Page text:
Rounds to Residency

Get Productive with Residency Director Sarah Hart-Unger MD

Dr. Sarah Hart-Unger shares time management and productivity tips as well as ways on how to make your CV stand out for residency applications

  • [01:27] How Dr. Hart-Unger Is Changing Medicine for the Better
  • [03:05] Planning for the Upcoming Academic Year
  • [07:01] Clinical Experience and Residency Matching During COVID-19
  • [12:10] How to Make Your CV Stand Out
  • [19:06] Productivity and Planning Tips

Today Chase DiMarco talks to Dr. Sarah Hart-Unger, MD. Dr. Hart-Unger is a pediatric endocrinologist and the pediatric residency program director at Joe Dimaggio Children’s Hospital. She hosts two shows: The Best of Both Worlds podcast with Laura Vanderkam, and the Best Laid Plans podcast. Chase and Dr. Hart-Unger share time management and productivity tips as well as ways on how to make your CV stand out during residency applications.

What Incoming Residents Can Do to Plan Ahead

There’s no need to pressure yourself to review academic material for the upcoming year. If you feel the need to do so, allot only a specific portion of your day for studying. Spend the rest of your time sorting out the other aspects of your life. It’s always a good idea to work on your time management and organization skills. Figure out how you’re going to make time for things that matter to you: whether it be your family, friends, hobbies, or health.

Everyone needs to pay attention to where they are in life. Your schedule may vary depending on the workload of your rotation. Adjust your goals accordingly. Building a routine before you start residency will be especially helpful when things get overwhelming. You will have developed a system you can fall back on to help you stay organized with your schedule and tasks.

Clinical Experience and Residency Matching During COVID-19

The COVID-19 pandemic has made it challenging for medical students to seek out clinical experiences. Despite the limitations, Dr. Hart-Unger encourages students to make the most out of their circumstances. Look for projects or write case reports outside of your rotation. Find other ways to be productive if you are unable to gain live experiences.

Residency programs are well aware of this struggle that medical students face. Due to this difficult time, program directors may be more considerate of a student’s background and experience. But even in the absence of clinical rotations, what you do with your time will show how driven you are to learn and improve as an upcoming physician.

How to Make Your CV Stand Out

With the recent announcement that the USMLE Step 1 will become a pass-fail exam, students may need other ways to make their application stand out. As a program director, Dr. Hart-Unger advises students to prioritize depth over volume in their experiences and research. Instead of trying to gather a wide array of one-off experiences, invest your time in an organization or study. Your dedication to a specific cause or topic will distinguish you from other applicants. Make sure to highlight how your contributions made an impact.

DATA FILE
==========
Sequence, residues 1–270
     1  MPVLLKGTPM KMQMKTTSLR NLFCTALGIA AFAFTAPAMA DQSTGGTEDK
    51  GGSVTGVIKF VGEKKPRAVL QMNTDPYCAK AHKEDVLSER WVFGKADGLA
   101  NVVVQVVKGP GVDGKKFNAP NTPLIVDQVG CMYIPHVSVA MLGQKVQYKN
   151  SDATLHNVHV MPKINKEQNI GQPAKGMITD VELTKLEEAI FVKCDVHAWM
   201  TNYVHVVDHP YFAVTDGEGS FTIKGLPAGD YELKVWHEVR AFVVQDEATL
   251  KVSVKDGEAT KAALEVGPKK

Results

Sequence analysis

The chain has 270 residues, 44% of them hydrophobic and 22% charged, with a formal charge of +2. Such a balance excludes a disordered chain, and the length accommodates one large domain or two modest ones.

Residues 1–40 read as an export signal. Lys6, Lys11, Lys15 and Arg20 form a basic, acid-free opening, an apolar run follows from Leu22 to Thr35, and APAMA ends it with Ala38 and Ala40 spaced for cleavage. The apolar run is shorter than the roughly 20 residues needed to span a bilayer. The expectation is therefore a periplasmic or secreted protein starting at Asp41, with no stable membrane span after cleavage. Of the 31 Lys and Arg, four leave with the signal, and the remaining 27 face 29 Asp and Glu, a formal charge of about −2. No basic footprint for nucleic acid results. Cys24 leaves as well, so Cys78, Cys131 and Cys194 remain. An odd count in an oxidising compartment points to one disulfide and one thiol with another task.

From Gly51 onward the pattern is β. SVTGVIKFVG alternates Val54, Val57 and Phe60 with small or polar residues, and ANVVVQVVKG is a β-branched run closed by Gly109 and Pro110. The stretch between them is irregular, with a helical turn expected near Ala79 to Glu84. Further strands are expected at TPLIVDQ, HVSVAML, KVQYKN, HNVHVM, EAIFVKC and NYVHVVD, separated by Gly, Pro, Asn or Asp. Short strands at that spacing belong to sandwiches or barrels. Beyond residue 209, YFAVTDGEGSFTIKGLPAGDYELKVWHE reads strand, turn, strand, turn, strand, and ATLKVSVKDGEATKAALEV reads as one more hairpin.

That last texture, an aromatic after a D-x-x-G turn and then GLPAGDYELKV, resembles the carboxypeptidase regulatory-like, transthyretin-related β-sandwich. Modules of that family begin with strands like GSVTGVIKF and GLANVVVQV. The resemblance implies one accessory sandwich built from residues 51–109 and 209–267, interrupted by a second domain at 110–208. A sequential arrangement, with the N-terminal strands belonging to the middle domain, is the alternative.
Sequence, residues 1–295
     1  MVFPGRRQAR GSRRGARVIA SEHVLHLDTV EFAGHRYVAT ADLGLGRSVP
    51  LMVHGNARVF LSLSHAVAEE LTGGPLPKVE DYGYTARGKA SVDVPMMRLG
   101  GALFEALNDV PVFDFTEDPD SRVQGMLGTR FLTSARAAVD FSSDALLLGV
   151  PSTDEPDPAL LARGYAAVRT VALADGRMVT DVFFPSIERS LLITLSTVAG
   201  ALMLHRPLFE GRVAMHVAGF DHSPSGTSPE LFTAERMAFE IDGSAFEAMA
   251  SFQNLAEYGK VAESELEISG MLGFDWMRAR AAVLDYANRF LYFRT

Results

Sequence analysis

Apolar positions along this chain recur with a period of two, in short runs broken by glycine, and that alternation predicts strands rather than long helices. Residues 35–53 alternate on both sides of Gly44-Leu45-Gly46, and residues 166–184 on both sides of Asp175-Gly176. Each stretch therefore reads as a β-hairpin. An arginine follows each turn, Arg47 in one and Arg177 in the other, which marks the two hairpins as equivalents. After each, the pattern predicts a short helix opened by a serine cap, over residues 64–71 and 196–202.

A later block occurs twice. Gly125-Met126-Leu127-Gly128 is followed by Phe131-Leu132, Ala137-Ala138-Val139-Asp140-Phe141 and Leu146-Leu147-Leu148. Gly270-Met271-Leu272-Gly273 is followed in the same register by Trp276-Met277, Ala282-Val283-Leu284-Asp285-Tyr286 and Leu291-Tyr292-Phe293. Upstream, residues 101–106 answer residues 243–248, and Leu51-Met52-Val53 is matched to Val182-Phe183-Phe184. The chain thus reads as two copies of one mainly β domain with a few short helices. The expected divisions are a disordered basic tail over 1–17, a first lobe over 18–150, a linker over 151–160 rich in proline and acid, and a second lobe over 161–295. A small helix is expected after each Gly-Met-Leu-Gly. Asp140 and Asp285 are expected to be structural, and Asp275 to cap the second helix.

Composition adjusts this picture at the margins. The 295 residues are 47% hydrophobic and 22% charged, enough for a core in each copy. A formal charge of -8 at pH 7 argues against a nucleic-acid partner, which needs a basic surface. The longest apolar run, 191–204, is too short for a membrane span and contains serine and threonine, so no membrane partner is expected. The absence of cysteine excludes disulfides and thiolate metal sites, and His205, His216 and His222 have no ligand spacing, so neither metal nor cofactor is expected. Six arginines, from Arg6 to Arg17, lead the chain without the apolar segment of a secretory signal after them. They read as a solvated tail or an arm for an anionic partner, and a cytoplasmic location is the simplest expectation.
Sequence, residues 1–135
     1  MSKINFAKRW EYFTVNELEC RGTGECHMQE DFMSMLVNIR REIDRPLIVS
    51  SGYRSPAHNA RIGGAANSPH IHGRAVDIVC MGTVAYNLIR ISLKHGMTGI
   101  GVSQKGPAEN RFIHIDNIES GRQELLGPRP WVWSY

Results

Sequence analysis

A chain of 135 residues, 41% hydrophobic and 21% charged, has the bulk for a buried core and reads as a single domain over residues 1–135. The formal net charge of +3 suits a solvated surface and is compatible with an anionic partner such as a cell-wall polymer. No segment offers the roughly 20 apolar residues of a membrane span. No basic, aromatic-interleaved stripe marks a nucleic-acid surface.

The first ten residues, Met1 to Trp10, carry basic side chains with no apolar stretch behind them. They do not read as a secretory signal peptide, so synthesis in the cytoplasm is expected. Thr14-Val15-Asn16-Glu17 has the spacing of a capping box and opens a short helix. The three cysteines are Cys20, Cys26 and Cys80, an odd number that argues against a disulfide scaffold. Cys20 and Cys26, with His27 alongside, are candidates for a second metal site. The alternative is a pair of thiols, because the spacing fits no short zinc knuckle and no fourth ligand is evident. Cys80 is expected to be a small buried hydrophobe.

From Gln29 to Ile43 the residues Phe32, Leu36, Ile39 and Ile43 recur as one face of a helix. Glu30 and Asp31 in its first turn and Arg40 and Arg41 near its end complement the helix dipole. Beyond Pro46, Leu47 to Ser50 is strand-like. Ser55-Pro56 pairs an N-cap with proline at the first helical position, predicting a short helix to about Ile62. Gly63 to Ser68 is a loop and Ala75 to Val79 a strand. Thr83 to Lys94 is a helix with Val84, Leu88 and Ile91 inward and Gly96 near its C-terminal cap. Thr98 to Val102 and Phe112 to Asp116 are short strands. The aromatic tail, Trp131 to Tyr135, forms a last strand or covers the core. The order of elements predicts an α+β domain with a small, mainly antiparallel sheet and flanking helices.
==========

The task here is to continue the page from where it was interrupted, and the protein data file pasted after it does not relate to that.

Strong recommendation letters can also help your CV stand out. Ask letters from people who really know you. Spend time with your preceptor to talk about your goals and achievements so he/she can write a compelling endorsement.

Extracurricular activities and side gigs may also boost your application. If you’re able to talk about how these activities have helped others and why you’re passionate about them, then it could be an advantage.

Productivity and Planning Tips

There are many ways on how you can plan and organize your day, but the most important thing is that you do it. Map out your goals for the month, week, or day. Make a giant checklist with all your tasks and deadlines laid out. Be honest about the amount of time that you have. Don’t go overboard with the number of tasks; instead, have a realistic set of to-dos. Focus on the main goal that you’d like to achieve.

A productivity technique that you can use is time block planning where you assign a task to every minute of your day. Time block planning is most effective when applied only to your work hours. Otherwise, it can be pretty intense and exhausting. Limiting your working hours may help you be more productive because it will push you to accomplish your tasks during that short period.

Check out Dr. Hart-Unger’s podcasts: The Best of Both Worlds podcast with Laura Vanderkam, and the Best Laid Plans podcast. Read more about her on her blog: the SHU box. Follow her on Instagram.

Sign up for a Free Coaching session with Chase DiMarco, sponsored by Prospective Doctor! You can also join the Med Mnemonist Mastermind FB Group today and learn more about study methods, memory techniques, and MORE! Do check out Read This Before Medical School. Like our FreeMedEd Facebook page and find our Medical Micro Course, Blog posts, and Podcasts at FreeMedEd.org! Feel free to Email any Questions or Comments.

Chase DiMarco

Chase DiMarco is an MS, MBA-HA and MD/Ph.D-candidate. He is the founder of FreeMedEd, a free medical education resource, the host of the Medical Mnemonist 1-Minute Preceptor podcasts by MedSchoolCoach, creator of several medical education platforms, and CEO of FindARotation clinical rotations service.

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